GoPro Inc. is developing its own line of consumer drones to expand from its core business of making wearable video cameras popular with surfers and other sports enthusiasts, according to people familiar with its plans.
The company plans to start selling multirotor helicopters equipped with high-definition cameras late next year, aiming for a price tag between $500 and $1,000, according to these people.
The entry of a big consumer-electronics brand to the drone market signals how mainstream—and lucrative—the industry has become in just a few years. Consumers have flocked to unmanned aircraft in recent years as technology advances have made them smaller, cheaper and easier to fly, leaving regulators scrambling to keep up.
Consumer drones are typically lightweight helicopters with cameras that can be controlled with a tablet or smartphone. U.S. regulators allow their use by hobbyists. The devices are expected to be hot sellers this holiday season and have even inspired their own version of the selfie, or self-portrait photo, called a “dronie.”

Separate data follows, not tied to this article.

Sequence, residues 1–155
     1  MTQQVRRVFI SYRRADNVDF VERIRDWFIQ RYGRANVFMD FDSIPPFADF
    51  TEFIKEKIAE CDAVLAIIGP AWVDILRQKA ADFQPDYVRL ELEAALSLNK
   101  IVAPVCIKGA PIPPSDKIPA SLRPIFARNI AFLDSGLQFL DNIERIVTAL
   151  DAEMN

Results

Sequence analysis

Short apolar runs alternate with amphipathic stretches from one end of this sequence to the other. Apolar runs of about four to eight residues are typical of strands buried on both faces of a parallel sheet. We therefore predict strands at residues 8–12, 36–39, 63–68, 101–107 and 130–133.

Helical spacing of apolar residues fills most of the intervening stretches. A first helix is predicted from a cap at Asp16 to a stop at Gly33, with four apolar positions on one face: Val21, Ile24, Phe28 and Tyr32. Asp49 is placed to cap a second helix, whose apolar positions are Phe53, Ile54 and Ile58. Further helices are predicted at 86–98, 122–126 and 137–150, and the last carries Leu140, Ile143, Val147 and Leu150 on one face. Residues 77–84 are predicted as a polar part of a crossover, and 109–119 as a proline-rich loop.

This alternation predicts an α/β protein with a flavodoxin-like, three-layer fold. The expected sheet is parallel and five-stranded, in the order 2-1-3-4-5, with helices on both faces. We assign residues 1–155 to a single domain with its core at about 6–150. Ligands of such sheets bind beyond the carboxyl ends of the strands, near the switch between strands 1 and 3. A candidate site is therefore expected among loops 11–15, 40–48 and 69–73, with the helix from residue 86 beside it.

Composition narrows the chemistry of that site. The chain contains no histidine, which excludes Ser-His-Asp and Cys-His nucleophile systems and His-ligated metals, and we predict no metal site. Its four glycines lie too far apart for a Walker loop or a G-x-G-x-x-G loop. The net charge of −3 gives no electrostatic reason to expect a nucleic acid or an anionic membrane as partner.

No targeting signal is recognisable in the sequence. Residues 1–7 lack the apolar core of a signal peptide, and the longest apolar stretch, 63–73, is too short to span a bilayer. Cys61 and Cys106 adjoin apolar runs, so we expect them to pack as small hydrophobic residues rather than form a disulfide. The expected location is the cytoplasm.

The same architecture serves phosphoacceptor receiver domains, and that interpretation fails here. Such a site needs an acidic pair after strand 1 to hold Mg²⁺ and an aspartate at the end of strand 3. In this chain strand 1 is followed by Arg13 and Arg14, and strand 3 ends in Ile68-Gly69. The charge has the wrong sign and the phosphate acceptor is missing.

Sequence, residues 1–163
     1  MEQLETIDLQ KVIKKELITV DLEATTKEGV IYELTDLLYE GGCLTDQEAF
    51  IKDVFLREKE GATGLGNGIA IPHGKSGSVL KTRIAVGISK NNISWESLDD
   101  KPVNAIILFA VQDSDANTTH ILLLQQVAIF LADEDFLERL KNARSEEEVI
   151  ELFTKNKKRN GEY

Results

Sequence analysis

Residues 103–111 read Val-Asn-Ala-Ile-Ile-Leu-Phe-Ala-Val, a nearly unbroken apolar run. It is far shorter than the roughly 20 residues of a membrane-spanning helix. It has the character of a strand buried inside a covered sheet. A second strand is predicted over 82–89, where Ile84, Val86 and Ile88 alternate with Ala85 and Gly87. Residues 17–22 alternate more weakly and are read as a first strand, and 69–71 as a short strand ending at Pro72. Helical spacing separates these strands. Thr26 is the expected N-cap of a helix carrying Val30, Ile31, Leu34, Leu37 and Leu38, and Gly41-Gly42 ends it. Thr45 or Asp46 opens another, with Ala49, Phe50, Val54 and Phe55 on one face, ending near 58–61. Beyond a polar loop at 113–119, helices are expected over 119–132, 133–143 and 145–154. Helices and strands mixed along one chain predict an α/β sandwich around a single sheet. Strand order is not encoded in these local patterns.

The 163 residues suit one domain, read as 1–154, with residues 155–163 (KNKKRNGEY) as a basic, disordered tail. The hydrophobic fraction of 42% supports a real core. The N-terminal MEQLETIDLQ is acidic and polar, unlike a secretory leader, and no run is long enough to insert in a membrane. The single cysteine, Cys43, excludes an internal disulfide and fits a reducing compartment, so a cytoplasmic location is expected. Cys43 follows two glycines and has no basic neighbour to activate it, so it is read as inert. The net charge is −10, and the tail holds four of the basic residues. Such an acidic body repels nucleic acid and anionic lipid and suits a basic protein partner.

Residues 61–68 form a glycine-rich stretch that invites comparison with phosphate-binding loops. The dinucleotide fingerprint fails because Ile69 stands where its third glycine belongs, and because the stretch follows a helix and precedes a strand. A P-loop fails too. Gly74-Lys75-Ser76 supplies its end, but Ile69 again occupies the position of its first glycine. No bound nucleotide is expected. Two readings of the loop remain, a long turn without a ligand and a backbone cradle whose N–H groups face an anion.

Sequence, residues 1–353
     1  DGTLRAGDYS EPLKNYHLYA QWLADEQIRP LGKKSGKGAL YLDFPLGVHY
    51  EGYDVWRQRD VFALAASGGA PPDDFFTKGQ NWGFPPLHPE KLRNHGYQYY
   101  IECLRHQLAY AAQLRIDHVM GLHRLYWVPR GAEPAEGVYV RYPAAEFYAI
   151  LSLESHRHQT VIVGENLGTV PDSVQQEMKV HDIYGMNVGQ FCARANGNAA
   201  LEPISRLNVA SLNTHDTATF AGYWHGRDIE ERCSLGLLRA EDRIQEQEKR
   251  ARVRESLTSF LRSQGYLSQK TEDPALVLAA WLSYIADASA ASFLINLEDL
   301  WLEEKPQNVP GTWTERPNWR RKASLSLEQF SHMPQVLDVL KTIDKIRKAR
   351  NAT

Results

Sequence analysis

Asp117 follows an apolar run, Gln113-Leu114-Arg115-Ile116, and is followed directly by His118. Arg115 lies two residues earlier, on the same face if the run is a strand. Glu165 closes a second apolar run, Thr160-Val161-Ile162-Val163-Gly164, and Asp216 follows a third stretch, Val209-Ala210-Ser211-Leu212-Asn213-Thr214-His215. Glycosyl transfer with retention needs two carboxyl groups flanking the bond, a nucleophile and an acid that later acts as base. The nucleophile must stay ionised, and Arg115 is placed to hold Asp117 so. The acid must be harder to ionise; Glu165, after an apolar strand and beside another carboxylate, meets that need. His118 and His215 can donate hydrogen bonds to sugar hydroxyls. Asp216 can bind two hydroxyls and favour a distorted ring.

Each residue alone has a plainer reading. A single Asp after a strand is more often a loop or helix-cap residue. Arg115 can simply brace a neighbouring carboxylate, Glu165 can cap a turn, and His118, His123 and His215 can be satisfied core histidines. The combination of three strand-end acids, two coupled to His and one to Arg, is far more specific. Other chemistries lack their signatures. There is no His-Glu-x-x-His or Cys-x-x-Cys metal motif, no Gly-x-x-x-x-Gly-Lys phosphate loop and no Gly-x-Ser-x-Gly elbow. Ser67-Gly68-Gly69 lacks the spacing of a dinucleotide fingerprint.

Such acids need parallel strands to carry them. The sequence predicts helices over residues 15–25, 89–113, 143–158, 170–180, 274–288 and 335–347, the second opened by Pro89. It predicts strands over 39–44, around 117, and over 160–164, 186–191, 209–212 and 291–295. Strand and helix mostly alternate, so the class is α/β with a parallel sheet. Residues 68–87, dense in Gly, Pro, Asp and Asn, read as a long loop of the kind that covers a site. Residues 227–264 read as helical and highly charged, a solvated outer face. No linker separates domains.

GoPro’s move into drones comes as its market-leading camcorder business faces competition from rivals such as Sony Corp. and others. The 10-year old company, which went public in June, has been investing heavily in research and development to maintain its lead in the camera business, which shipped nearly 2.8 million units in the first nine months of the year, up 15% from the same period last year.
San Mateo, Calif.-based GoPro is already a supporting player in the drone market, providing many of the roughly 3 oz. cameras that consumer drones carry. But GoPro may be hedging against a business it could be losing; the world’s biggest consumer drone maker, SZ DJI Technology Co. of China, recently started selling devices that come with its own in-house cameras. Other drone makers could stop supporting GoPro devices if they are competing head-to-head with the camera maker.
“I’m happy to let GoPro keep making great cameras and we’ll keep making great copters,” said Colin Guinn, senior vice president of sales at Berkeley, Calif.-based 3D Robotics Inc., which sells GoPro cameras with its drones.